Jason Hall's jewellery operates around a smart discovery, which, plainly stated, is that the things which we have in common are also the things which keep us apart. This idea was first realised in The Gate Between series of 2002, in which the kowhaiwhai-like wrought iron patterns of gates throughout suburban Aotearoa became sterling silver brooches coated with house paint. That which we have in common – such as a scrolling, curvilinear design – is that which keeps us apart, because twenty years of debate has made it clear that Pākehā can't use Māori art without controversy. This isn't a sign of a shared visual heritage.


The work in Ornaments for the Pākehā plays with this idea. The bone pickets of Home reveal the central tension of being Pākehā. Our cultural forms don't come from here, just as the white picket fence of the colonial villa sits apart from the land it dissects. Yet, made of bone, these brooches don't belong anywhere else. Aotearoa is the final resting place.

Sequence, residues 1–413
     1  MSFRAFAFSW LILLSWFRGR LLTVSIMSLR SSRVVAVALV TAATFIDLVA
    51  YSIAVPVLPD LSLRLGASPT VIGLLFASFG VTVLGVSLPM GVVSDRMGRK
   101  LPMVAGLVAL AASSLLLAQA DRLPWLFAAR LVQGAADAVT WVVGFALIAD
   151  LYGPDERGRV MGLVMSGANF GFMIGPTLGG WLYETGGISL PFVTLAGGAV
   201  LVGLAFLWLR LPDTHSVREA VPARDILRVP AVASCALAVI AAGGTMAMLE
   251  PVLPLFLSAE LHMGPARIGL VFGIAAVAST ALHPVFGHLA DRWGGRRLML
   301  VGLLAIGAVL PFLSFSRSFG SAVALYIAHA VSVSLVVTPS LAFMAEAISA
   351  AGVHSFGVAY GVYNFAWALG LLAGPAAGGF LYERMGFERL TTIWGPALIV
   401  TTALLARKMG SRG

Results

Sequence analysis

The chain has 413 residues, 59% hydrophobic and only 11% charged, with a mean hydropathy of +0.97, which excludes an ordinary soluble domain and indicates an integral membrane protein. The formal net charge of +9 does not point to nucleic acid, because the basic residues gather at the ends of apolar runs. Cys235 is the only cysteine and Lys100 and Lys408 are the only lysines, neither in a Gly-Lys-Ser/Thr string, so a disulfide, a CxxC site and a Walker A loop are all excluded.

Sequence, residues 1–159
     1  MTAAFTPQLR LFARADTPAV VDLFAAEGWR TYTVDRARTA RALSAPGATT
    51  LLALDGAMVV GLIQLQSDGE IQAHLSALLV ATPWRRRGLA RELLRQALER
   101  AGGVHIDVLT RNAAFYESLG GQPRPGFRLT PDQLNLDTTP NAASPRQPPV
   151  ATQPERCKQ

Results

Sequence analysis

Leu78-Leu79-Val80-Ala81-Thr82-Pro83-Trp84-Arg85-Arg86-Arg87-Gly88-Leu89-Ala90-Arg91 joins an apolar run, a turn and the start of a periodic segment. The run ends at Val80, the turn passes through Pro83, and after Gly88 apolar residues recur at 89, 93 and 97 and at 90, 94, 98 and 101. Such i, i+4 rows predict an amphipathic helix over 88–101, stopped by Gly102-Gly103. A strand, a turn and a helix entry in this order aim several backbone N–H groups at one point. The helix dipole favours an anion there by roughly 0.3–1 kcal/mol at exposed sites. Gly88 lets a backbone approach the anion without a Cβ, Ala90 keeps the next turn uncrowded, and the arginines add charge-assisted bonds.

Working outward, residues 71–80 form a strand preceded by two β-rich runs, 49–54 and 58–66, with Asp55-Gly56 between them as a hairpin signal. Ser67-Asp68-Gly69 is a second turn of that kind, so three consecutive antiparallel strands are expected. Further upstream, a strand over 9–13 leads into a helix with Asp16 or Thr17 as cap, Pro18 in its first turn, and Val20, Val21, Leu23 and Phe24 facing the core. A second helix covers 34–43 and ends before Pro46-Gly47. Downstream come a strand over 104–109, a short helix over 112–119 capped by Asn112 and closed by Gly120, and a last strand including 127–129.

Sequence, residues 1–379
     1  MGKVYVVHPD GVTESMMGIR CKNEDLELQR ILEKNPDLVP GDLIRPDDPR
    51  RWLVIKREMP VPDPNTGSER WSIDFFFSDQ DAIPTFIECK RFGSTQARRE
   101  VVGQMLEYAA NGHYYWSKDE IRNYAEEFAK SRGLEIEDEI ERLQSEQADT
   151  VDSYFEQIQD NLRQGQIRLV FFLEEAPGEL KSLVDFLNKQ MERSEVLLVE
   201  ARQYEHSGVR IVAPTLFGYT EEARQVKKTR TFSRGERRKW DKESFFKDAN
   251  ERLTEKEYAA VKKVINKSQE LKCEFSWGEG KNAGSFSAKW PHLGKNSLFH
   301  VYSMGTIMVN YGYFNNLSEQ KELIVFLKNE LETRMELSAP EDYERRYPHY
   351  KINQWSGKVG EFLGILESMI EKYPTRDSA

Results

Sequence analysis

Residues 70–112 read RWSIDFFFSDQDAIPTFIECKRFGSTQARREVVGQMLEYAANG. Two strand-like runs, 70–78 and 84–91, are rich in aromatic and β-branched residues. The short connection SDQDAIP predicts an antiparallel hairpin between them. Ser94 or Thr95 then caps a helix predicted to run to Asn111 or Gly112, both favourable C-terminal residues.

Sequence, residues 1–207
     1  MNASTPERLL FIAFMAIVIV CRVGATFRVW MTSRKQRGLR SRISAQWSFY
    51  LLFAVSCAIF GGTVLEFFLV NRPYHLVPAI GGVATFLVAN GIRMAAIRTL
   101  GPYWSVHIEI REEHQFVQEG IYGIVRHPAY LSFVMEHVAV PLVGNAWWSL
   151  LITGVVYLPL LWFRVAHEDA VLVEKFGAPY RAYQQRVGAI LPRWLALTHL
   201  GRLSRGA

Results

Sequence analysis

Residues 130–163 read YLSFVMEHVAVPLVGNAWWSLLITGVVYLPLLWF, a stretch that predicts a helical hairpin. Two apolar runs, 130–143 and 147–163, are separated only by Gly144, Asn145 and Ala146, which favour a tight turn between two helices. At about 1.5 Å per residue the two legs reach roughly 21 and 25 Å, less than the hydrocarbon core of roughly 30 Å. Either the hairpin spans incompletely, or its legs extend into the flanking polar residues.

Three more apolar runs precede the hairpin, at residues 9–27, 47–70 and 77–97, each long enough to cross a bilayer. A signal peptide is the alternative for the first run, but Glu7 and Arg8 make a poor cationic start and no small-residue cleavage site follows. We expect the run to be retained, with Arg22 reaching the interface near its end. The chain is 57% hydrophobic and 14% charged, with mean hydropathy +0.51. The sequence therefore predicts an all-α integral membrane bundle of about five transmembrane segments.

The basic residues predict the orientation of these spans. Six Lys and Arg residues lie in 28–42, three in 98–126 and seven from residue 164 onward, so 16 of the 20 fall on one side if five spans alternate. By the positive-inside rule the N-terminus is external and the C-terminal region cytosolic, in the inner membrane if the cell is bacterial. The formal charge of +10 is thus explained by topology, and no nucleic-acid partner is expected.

Hall's faceted stones speak of the same issues, but point to a more specialised jewellery history represented by the Bone Stone Shell exhibition of 1988. For Hall, the European technique of faceting precious stones is the most honest way of connecting himself to the land, and to his inherited past as a contemporary jeweller in Aotearoa. Like the bone pickets, these faceted stones don't project a seamless and unproblematic belonging. The facet comes from elsewhere, but the stone, literally taken from the earth, is an argument that they don't come from anywhere else.


The full stop to all this is the musket ball pendant. Cast from a musket ball dug up from the battlefields of the New Zealand Wars, the pendant is silver, just right for slaying the myth of One New Zealand. It is a piece of jewellery that neatly turns the bullet around, aiming it forward in time to the descendants of those who fired the first shots back in the 19th century. For the Pākehā who has everything, and that is most of us, you can even get the gun barrel brooch to go with it.


Hall's jewellery isn't easy, but it is important, tackling the fundamental denial – of history and of responsibility – that currently exists at the heart of Pākehā identity. These are real ornaments for the Pākehā, but they are never ornamental.


- Damian Skinner

Jason Hall, Rifled Musket, 2004.

Jason Hall, Home, 2004.